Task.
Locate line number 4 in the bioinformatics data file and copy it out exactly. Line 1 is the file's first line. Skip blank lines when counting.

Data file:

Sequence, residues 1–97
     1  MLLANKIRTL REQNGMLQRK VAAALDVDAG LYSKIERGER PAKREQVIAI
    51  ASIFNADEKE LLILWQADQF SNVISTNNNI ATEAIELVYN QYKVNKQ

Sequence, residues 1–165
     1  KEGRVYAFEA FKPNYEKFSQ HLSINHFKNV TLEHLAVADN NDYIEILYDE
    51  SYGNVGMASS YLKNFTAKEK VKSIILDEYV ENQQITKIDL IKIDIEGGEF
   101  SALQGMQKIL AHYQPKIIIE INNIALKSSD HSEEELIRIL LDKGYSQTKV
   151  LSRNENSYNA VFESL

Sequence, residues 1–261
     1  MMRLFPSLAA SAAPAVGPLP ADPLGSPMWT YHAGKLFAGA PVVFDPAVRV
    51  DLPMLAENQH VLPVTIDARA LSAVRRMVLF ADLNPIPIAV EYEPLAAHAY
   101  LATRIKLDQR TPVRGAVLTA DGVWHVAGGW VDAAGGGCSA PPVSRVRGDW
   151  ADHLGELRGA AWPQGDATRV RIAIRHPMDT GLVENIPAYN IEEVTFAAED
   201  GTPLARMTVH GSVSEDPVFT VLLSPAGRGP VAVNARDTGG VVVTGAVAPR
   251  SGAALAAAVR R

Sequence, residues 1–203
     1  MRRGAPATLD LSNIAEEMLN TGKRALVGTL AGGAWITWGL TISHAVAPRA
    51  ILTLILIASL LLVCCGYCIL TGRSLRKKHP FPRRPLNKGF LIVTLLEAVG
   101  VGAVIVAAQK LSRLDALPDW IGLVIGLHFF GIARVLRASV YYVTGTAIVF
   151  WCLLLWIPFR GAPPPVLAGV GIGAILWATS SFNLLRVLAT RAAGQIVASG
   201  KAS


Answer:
Sequence, residues 1–165